The market value of real estate investments held in a portfolio without regard to debt, equal to the total of real estate investments as shown on a statement of assets and liabilities on a market-value basis.
  • Gross returns
    Returns generated from the operation of real estate without dilution for adviser or manager fees.
  • Ground rent
    Rent paid to the owner for use of land, normally on which to build a building. Generally, the arrangement is that of a long-term lease (e.g. 99 years) with the lessor retaining title to the land.
  • Guarantor
    One who makes a guaranty.
  • Guaranty
    An agreement whereby the guarantor assures the satisfaction of the debt of another or performs the obligation of another if and when the debtor fails to do so.


  • Hard cost
    The cost of actually constructing property improvements.
  • High-rise
    In the central business district, this could mean a building higher than 25 stories above ground level, but in suburban markets, it generally refers to buildings higher than seven or eight stories.
  • Highest and best use
    The reasonably probable and legal use of vacant land or an improved property that is physically possible, appropriately supported, financially feasible and that results in the highest value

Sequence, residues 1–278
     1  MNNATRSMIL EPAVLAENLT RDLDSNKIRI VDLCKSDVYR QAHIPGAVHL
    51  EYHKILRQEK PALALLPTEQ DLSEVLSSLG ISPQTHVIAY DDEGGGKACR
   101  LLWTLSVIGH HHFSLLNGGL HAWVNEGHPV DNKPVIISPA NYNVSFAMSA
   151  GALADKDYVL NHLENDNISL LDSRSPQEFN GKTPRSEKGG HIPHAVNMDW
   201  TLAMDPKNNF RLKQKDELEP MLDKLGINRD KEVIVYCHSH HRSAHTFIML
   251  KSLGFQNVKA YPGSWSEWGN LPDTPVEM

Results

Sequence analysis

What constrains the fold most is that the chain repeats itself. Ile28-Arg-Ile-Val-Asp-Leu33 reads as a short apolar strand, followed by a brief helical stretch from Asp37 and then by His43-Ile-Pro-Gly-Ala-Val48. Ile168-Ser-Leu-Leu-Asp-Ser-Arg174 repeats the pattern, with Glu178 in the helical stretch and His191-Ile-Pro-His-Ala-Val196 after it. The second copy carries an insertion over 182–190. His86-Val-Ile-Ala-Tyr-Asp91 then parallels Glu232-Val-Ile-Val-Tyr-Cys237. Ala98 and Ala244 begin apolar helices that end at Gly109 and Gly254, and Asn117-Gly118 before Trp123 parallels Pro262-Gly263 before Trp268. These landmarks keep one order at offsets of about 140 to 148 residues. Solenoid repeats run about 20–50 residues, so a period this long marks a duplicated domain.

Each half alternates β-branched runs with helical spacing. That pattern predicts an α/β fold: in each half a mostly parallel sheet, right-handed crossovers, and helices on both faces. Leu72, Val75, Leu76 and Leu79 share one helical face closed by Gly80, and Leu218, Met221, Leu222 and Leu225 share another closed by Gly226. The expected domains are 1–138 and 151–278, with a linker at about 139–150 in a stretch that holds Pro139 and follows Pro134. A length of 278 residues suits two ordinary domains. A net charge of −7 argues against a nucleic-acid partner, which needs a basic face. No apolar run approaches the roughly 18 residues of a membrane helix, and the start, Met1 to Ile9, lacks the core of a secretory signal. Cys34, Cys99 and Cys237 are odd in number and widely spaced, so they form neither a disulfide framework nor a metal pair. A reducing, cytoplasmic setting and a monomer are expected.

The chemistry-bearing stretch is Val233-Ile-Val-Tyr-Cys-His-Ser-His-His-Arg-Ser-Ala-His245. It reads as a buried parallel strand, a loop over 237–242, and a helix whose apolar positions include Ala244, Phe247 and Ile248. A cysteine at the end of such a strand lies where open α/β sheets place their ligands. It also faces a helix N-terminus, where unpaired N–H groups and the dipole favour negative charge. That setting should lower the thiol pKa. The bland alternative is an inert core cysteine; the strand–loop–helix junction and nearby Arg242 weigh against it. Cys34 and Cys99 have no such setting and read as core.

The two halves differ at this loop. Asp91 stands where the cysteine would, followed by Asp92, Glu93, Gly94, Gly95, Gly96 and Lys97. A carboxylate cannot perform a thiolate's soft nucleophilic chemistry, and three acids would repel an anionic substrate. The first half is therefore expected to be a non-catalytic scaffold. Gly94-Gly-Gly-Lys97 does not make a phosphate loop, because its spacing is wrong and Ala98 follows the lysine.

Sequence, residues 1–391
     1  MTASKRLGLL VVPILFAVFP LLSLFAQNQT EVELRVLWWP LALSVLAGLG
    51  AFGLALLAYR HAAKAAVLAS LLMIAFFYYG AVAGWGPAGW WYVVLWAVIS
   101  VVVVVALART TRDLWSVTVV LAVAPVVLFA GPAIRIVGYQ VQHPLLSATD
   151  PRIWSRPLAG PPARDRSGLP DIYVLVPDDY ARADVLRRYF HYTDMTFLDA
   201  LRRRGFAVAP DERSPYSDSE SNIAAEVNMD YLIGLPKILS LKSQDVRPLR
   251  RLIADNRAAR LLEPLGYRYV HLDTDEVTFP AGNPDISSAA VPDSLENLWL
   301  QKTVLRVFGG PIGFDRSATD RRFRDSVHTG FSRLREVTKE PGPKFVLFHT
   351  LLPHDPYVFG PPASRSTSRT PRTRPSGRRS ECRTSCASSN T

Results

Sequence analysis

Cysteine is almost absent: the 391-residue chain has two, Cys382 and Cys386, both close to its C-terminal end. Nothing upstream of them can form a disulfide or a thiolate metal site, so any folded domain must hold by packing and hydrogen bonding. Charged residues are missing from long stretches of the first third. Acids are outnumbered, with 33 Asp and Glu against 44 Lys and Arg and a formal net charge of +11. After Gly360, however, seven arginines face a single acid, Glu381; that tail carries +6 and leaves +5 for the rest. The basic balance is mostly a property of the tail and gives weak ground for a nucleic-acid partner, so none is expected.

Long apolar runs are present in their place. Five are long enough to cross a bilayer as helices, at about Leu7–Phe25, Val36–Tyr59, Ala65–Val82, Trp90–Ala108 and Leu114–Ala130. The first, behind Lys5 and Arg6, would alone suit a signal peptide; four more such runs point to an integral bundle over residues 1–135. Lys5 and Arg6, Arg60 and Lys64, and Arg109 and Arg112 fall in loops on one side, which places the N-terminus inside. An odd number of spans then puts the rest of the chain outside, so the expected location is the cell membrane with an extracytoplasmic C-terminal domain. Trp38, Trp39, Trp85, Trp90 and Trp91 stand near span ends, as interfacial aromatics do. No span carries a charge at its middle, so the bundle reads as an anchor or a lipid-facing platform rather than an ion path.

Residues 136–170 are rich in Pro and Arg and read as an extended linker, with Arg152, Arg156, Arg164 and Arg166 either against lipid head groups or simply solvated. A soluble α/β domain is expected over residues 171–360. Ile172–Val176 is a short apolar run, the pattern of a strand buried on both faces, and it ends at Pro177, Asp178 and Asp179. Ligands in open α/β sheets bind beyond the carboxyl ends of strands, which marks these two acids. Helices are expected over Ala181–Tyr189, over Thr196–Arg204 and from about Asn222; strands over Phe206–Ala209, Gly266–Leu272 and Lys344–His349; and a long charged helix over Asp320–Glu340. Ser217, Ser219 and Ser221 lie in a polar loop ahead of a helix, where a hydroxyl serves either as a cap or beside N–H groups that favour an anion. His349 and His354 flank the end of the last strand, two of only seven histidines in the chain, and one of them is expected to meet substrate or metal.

• Hold-over tenant
    A tenant retaining possession of the leased premises after the expiration of a lease.
  • Holdbacks
    A portion of a loan commitment that is not funded until an additional requirement is met, such as completion of construction.
  • Holding period
    The length of time an investor expects to own a property from purchase to sale.
  • HVAC
    The acronym for heating, ventilating and air conditioning.
  • Hybrid debt
    A mortgage position with equity-like participation features in both cash flow and the appreciation of the property at the time of sale or refinance.


  • Implied cap rate
    Net operating income divided by the sum of a REIT’s equity market capitalization and its total outstanding debt.
  • Improvements
    In the context of leasing, the term typically refers to the improvements made to or inside a building but may include any permanent structure or other development, such as a street, sidewalk, utilities, etc.
  • Incentive fee
    Applies to fee structures where the amount of the fee that is charged is determined by the performance of the real estate assets under management.
  • Income capitalization value
    The indication of value derived for an income-producing property by converting its anticipated benefits into property value through direct capitalization of expected income or by discounting the annual cash flows for the holding period at a specified yield rate.